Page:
And before long, that sort of secrecy started looking good to those in higher education. And in 1989, a similar statute was put on the books blocking public access to performance records for the faculty and professional staff at UConn, the state university system and the state’s technical colleges.

And that’s why the document below is mostly black boxes.

Transparency advocates would like to change that. I’ll start with my eval. If and when CCSU gauges my performance, I’ll be happy to send a copy to anyone interested in reading it.

Malloy Opening Up the Data Mines

by Categorized: Data, Government, Transparency/FOI, Uncategorized Date:

Gov. Dannel P. Malloy signed an executive order today designed to take some of the massive piles of data held by the state and move them onto an easily accessible website where researchers can dive in.

“This data belongs to the people of Connecticut, and this initiative will help make that data more easily and conveniently accessible to them,” Malloy said, expressing a sentiment not always championed by government officials.

The executive order instructs the state’s executive agencies to identify a first round of datasets that will be made available on what is being dubbed the Connecticut Open Data Portal, at data.ct.gov. Agencies have been told to look for data that is reliable, already in electronic form, frequently requested by the public and free of confidential information.Malloy told the departments to also consider whether disclosure of the information would “improve agency accountability and efficiency, enhance public knowledge of the agency’s operations, or create economic innovation and opportunity.”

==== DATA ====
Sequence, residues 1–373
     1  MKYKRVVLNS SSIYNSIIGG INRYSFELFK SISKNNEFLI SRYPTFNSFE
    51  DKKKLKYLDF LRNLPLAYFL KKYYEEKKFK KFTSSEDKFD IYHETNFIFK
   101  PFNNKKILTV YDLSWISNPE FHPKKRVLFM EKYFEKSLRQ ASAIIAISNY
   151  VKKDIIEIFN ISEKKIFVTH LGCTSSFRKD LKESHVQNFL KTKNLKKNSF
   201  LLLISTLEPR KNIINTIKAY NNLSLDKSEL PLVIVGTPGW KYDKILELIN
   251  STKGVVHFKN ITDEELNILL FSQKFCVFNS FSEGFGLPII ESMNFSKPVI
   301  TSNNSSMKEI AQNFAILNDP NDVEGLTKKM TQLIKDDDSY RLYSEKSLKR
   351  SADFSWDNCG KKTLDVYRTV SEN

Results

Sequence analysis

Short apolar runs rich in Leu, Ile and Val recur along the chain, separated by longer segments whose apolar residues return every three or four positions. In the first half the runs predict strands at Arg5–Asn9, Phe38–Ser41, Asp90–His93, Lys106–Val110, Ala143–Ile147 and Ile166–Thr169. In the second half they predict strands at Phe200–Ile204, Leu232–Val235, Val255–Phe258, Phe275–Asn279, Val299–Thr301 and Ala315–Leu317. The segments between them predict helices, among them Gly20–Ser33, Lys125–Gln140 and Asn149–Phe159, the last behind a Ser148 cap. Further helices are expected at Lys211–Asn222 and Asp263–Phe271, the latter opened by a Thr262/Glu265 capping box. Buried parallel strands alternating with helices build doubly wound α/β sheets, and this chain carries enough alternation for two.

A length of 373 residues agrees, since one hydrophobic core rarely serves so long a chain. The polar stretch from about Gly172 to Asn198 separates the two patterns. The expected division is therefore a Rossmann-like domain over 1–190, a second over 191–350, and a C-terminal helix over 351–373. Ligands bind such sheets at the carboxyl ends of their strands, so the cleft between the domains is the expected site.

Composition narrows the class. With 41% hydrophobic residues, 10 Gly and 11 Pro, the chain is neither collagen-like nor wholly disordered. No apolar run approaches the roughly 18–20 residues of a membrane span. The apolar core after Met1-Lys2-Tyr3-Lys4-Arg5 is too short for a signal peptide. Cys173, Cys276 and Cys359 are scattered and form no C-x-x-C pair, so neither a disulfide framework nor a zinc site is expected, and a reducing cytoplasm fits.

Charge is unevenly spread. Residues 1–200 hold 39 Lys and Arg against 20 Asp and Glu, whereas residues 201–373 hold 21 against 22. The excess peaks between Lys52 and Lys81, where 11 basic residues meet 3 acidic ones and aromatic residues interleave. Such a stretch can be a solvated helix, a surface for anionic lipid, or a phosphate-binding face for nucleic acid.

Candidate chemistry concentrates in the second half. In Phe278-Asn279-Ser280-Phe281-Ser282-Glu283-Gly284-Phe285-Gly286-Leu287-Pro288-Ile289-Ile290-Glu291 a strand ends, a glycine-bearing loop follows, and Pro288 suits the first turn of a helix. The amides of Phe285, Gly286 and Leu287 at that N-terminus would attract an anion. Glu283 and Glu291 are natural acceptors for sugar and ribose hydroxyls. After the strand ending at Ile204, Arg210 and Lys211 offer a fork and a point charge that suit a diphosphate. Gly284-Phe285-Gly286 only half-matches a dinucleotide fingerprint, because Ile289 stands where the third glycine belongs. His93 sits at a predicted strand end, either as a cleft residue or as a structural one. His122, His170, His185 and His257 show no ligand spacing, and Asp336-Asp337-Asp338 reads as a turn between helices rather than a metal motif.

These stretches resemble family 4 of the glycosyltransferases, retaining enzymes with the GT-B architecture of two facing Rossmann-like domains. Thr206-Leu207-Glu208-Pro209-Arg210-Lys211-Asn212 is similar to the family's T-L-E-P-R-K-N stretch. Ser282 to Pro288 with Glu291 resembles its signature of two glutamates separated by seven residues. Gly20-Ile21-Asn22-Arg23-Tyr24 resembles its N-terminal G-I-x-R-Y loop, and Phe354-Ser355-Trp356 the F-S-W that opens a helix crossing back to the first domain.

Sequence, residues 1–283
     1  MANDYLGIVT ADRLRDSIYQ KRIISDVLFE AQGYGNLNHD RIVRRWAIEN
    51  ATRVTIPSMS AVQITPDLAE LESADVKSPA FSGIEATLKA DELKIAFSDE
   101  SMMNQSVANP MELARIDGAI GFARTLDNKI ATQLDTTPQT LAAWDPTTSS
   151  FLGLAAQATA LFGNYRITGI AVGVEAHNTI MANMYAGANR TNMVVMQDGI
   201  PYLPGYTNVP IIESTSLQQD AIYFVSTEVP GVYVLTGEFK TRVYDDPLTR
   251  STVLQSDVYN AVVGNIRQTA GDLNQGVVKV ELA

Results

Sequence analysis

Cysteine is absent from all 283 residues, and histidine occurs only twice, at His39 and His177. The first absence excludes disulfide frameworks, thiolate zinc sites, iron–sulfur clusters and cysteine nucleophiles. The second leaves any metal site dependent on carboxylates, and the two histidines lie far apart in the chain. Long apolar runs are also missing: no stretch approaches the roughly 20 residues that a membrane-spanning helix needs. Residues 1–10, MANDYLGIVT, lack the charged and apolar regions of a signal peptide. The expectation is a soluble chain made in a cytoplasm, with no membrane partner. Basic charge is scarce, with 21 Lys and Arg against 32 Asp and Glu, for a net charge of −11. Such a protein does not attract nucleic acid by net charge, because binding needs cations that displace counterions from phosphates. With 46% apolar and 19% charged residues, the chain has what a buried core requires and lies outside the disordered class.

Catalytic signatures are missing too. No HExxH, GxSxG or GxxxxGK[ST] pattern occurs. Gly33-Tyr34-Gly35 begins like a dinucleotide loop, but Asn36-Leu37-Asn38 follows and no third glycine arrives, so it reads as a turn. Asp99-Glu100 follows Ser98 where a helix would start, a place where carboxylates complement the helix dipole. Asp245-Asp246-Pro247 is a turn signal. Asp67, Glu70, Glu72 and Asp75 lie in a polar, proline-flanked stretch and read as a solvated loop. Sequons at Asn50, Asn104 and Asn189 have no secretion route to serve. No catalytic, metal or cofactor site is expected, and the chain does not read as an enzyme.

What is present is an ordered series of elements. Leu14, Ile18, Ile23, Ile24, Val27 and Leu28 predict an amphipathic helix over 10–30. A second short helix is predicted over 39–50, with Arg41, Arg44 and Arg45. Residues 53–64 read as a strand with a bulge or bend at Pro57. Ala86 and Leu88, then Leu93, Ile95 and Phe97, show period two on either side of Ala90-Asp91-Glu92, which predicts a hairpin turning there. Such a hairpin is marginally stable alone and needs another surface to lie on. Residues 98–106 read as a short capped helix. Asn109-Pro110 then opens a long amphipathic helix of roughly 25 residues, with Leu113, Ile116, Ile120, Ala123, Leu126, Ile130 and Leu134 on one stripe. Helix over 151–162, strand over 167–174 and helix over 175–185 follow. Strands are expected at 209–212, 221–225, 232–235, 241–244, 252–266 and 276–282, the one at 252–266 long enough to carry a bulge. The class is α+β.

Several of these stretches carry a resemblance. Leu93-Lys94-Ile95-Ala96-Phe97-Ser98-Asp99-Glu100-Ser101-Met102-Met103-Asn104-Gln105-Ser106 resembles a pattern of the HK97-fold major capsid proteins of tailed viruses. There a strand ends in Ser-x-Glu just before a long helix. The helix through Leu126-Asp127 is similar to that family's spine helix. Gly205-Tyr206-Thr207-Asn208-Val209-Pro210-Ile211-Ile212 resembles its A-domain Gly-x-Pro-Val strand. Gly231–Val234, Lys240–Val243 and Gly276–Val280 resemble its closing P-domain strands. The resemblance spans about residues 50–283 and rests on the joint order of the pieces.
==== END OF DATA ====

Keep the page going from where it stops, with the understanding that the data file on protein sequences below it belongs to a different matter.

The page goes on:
Agencies have 90 days to come up with that first list.

Tyler Kleykamp, who works for the Office of Policy and Management, will l lead the enterprise as Chief Data Officer (not to be confused with the television character “Data,” who was a chief officer of the U.S.S. Enterprise).

The initiative builds on the state’s transparency website, which already provides data in searchable and downloadable form on the state’s payroll, pension, contracts, grants and payments. And it’s part of a larger trend of freeing “big data” for analysis by researchers, journalists and business interests. States maintain enormous amounts of data on everything from health care spending to educational performance to highway safety. And more and more of it is seeping into the public domain.

“Timely and consistent publication of public information and data is an essential component of an open and effective government,” the executive order proclaims.

But as it moves to place that information online, the governor’s office also said it would safeguard private information, and said the initiative “does not apply to any protected data that, if disclosed, would violate state or federal law, would endanger the public health, safety or welfare, hinder the operation of government or impose an undue financial, operational or administrative burden on a state agency.”